As a veteran, I have enormous regard for Senator Franken, as do millions of others across the country. With regard to flag-draping, ambitious posers — not so much.




The Evil That Men Do

by Invenium Viam on June 19, 2014 · 1 comment

mass murder in syria

Mass murder in Syria

“The evil that men do lives after them; the good is oft interred with their bones. So let it be with Caesar.” Julius Caesar; Act 3, Scene 2.


In his WSJ opinion piece of June 17 (The Collapsing Obama Doctrine), Cheney lays blame for the internecine conflict now occurring in Iraq to President Obama’s allegedly failing policies with regard to mid-east terrorism.


Cheney claims the “… fall of the Iraqi cities of Fallujah, Tikrit, Mosul and Tel Afar, and the establishment of terrorist safe havens across a large swath of the Arab world, present a strategic threat to the security of the United States.”


He doesn’t bother to explain how that threat is manifest, or even how he links the fall of those cities to “the establishment of terrorist safe havens across the Arab world.”


Moreover, he alludes to “… black-clad ISIS jihadists …” as if it were a reliable, foregone conclusion that they are a group of terrorists allied with al Qaeda and he deliberately conflates the two groups in his opening salvo against the president by saying “… it is worth recalling a few of President Obama’s past statements about ISIS and al Qaeda …” when the President never specifically mentioned ISIS in any of the public addresses Cheney cites. He neglects to mention that ISIS and al Qaeda are to some degree antagonistic towards one another due to conflicting goals and that, between the two, only al Qaeda has a global agenda.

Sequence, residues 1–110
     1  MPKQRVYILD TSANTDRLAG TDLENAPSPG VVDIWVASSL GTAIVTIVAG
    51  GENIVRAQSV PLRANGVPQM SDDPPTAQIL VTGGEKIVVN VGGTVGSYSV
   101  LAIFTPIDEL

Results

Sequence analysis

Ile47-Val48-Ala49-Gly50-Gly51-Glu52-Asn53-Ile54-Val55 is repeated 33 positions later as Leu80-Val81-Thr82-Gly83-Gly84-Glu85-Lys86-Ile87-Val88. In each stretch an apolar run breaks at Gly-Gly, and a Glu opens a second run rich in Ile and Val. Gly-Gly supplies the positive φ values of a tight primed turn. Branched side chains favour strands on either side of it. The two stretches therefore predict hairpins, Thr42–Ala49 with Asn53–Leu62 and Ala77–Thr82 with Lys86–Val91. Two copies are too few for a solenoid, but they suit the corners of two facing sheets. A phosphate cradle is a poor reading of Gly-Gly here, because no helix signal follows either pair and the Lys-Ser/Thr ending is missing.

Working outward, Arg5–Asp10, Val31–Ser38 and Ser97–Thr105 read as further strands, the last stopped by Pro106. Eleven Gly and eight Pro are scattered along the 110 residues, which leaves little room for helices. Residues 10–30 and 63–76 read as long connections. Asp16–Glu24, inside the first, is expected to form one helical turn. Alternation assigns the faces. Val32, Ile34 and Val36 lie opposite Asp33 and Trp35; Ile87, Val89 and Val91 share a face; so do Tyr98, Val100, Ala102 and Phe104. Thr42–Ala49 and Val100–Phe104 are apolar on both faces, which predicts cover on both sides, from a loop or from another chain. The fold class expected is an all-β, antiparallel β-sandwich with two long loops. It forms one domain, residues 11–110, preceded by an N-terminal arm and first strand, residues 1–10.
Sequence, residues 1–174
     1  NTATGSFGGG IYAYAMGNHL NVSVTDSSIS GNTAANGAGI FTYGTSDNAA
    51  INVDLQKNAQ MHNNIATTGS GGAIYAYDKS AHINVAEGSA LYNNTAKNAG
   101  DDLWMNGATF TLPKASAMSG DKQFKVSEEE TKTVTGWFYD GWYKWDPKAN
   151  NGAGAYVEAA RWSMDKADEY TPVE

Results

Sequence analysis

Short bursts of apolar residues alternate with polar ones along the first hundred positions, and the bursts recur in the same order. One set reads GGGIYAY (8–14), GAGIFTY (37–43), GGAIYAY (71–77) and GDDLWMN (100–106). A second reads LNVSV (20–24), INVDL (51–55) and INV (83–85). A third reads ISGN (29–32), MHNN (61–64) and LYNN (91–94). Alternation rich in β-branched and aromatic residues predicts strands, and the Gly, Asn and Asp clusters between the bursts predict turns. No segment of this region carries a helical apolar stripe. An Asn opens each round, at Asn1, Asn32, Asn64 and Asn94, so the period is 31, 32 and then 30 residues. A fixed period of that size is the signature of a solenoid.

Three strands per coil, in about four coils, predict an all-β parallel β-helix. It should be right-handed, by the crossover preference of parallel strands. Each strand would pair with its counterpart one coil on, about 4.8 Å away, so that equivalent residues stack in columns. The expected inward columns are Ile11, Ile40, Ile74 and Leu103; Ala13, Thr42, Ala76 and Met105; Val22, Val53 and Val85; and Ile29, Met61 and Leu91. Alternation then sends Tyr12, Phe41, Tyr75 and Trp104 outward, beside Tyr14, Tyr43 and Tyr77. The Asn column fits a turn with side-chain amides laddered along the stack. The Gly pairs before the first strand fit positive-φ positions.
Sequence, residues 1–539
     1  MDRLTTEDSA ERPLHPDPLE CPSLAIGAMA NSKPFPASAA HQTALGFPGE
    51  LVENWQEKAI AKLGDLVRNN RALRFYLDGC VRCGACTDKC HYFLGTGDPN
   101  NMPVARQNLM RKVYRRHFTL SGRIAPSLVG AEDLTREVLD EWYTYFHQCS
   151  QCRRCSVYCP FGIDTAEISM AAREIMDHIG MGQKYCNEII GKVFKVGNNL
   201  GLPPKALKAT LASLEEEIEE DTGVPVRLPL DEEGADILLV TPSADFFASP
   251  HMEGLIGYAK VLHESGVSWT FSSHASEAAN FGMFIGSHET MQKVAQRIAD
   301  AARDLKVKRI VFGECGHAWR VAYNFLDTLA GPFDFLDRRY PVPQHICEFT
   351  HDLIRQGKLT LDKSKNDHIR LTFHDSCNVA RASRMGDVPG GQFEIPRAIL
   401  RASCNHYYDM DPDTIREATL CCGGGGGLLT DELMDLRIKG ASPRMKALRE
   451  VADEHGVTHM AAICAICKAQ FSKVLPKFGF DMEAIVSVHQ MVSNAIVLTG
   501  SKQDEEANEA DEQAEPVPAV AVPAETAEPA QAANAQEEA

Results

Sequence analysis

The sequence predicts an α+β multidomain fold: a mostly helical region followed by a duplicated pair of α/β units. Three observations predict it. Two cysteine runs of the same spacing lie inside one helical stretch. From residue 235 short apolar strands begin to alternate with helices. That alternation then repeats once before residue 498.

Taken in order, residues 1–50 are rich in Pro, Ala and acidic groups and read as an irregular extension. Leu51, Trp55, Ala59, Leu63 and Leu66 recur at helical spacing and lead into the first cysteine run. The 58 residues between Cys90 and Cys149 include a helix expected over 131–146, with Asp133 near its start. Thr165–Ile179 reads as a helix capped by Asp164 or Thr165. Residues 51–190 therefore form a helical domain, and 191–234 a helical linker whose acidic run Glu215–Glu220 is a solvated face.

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Obama-facepalmOne of the things that mainstream media tends to overlook in the current debate over the roll-out of the Affordable Care Act (aka “Obamacare”) is that it employs the very market solutions that business-centric Republicans love to tout as the panacea for all that ails, but either don’t really seem to understand, or only apply topically when needed — like zinc ointment for a skin rash.
One reason the media keep missing it is because the White House Office of Communications (WHOC) repeatedly fails to point it out.
We need to remember that Obamacare is not socialized medicine, or anything remotely like it, no matter what those reality-challenged moonblind sub-normals in sloth cloth say on the buzzbox.